Creating Numbers on the Stopwatch

Feel free to try different looks for the stopwatch. Change the colors and add (or remove) some elements.

Step 4: Create the Needle

Now it’s time to create a needle that tells us the time.

First, we need to establish the center of the stopwatch. To do that, we will need rulers, so go to View > Rulers > Show Rulers (Ctrl/Cmd + R) to turn them on if they’re not enabled yet.

Creating Numbers on the Stopwatch

Click-and-hold on the rulers at the edge of your workspace and then drag your mouse towards the center of the stopwatch to create guides (as shown below). This would be easier and more precise if you had Smart Guides turned on (go to View > Smart Guides to enable the feature).

Creating Numbers on the Stopwatch

Now we have to draw the needle. Grab the Star Tool from the Tools Panel and click once on the artboard to reveal the Star dialog window. In the Star dialog window, set Points to 3 to create a triangle.

Creating Numbers on the Stopwatch

Switch to the Direct Selection Tool (A) from the Tools Panel, hold down Shift, select the upper anchor point of the triangle, and drag upwards. Use the Delete Anchor Point Tool (-) to remove the anchor points as shown below.

Creating Numbers on the Stopwatch

With the Ellipse Tool (L), create a small circle and place it over the needle. Align the circle and the needle using the Horizontal Align Center command in the Align Panel.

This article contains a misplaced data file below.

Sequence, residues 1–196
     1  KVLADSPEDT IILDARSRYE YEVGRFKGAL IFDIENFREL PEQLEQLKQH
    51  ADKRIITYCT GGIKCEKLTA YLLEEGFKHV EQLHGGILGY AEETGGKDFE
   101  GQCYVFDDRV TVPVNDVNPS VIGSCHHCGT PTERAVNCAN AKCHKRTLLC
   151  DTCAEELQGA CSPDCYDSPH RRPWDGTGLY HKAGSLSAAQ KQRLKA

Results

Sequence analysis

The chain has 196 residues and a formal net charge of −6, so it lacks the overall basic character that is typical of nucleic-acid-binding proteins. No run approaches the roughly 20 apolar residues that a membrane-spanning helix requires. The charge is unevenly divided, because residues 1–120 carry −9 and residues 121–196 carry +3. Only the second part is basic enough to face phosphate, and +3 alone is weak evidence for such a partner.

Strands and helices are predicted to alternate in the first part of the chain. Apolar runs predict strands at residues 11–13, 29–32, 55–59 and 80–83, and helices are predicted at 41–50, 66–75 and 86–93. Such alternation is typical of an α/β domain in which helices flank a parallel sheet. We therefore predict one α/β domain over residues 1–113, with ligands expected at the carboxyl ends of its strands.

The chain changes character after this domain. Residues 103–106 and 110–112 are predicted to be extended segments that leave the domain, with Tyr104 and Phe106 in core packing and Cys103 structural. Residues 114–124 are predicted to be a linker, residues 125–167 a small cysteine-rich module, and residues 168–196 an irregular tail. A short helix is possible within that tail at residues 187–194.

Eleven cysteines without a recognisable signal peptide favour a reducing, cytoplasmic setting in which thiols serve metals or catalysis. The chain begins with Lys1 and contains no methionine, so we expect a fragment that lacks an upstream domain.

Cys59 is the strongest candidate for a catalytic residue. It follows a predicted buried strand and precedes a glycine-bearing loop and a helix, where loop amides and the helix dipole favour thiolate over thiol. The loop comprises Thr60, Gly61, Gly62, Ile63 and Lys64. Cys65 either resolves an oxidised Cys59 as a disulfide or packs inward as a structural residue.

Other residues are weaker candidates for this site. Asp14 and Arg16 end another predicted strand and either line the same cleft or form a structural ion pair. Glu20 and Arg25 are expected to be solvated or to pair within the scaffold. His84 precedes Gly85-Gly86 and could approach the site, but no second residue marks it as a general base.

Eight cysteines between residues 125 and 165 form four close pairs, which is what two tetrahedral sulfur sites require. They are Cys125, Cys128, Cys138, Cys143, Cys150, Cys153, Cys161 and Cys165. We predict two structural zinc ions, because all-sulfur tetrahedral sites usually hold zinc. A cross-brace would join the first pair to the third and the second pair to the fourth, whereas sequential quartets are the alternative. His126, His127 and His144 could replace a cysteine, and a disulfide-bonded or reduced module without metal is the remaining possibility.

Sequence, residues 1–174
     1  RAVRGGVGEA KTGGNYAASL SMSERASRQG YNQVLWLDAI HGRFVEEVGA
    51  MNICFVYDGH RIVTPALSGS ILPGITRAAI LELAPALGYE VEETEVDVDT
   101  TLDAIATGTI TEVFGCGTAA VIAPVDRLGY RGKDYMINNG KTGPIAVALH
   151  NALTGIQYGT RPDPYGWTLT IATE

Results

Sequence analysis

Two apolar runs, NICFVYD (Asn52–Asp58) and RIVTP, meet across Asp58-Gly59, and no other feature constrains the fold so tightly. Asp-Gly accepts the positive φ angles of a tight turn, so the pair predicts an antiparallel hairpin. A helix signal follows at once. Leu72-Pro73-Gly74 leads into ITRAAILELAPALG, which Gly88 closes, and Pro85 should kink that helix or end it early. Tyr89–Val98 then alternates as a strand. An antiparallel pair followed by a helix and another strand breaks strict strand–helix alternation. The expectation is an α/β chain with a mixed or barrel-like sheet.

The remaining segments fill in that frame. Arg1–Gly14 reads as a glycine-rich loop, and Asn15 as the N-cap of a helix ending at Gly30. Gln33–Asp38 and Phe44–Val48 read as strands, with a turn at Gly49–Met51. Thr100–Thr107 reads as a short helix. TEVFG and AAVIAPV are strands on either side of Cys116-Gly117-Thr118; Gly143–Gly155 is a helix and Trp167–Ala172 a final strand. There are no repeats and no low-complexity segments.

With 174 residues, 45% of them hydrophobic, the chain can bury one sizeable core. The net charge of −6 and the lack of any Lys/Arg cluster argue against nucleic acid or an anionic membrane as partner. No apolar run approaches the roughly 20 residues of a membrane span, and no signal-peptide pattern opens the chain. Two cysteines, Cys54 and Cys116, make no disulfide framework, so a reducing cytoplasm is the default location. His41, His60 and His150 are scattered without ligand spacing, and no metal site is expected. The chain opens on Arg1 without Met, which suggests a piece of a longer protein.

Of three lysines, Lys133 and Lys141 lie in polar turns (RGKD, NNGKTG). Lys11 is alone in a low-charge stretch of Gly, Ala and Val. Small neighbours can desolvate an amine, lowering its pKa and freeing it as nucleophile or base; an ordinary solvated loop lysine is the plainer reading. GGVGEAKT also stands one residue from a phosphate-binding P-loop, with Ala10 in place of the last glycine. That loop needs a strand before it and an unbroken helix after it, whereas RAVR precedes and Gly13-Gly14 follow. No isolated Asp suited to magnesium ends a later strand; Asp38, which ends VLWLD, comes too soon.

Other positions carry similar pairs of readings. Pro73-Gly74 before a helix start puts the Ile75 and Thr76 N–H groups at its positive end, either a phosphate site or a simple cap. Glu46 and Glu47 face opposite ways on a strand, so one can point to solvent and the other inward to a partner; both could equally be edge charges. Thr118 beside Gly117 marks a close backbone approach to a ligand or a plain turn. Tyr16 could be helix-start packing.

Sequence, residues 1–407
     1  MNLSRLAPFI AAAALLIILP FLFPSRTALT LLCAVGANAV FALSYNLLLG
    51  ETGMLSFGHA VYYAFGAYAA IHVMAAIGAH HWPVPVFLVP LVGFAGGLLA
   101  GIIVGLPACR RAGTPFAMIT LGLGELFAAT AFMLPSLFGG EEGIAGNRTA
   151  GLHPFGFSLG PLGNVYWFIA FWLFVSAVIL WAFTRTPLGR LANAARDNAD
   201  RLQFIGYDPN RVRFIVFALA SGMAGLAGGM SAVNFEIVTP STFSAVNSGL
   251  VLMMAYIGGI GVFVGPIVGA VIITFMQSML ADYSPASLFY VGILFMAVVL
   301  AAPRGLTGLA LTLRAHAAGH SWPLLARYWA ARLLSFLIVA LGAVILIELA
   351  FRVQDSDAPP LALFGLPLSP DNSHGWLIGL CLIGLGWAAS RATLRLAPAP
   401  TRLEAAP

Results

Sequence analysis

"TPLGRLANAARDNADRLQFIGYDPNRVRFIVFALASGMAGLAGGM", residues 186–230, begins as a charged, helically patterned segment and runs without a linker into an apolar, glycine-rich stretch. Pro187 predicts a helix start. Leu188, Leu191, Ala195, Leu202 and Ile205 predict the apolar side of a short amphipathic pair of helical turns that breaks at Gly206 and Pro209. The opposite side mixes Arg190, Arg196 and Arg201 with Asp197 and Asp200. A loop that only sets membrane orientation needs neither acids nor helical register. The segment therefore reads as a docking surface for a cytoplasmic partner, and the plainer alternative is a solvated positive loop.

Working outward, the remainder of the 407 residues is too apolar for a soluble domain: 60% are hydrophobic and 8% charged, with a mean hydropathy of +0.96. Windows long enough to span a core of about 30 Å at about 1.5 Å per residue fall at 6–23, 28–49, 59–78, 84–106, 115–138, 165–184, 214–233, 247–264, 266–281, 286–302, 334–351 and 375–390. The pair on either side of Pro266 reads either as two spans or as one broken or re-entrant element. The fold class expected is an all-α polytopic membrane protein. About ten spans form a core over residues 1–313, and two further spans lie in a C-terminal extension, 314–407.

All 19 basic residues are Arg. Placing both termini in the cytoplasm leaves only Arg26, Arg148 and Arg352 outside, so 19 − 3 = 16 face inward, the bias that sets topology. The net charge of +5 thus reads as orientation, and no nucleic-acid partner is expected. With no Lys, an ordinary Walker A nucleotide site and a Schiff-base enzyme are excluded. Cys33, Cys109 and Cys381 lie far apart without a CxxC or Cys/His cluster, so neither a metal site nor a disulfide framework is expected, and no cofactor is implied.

Creating Numbers on the Stopwatch

Change the Fill color of the needle to white. Create a smaller circle and place it perfectly at the center of the first circle.

Creating Numbers on the Stopwatch

Now we need to place the needle at the center of the stopwatch and that is the reason we had to establish the center of stopwatch using guides earlier on.

Creating Numbers on the Stopwatch

Step 5: Creating a Smaller Timer

Let’s create another timer, but this time, a smaller one. The process is similar to Step 3 and 4. Create a circle with a white stroke. Place it on the black surface. Create the increments. Add the numbers.

Creating a Smaller Timer

You can create a timer with various kinds of increments. Just calculate how many long and short increments you need. Then you have to calculate the angle of rotation. Don’t forget to create a needle for this timer as well.

Creating a Smaller Timer

Group all the objects we’ve made once you are finished.

Step 6: Creating the Buttons

Grab the Rectangle Tool (M) and create a rectangle. Apply a linear gradient to the rectangle as shown below.

Creating the Buttons

Create another rectangle and apply the same linear gradient. Align both rectangles using the Horizontal Align Center command in the Align Panel. Select both rectangles and group them (Ctrl/Cmd + G). Duplicate the group. Scale up the duplicate and then place it on the top of the stopwatch. Align it with stopwatch using the Horizontal Align Center command in the Align Panel.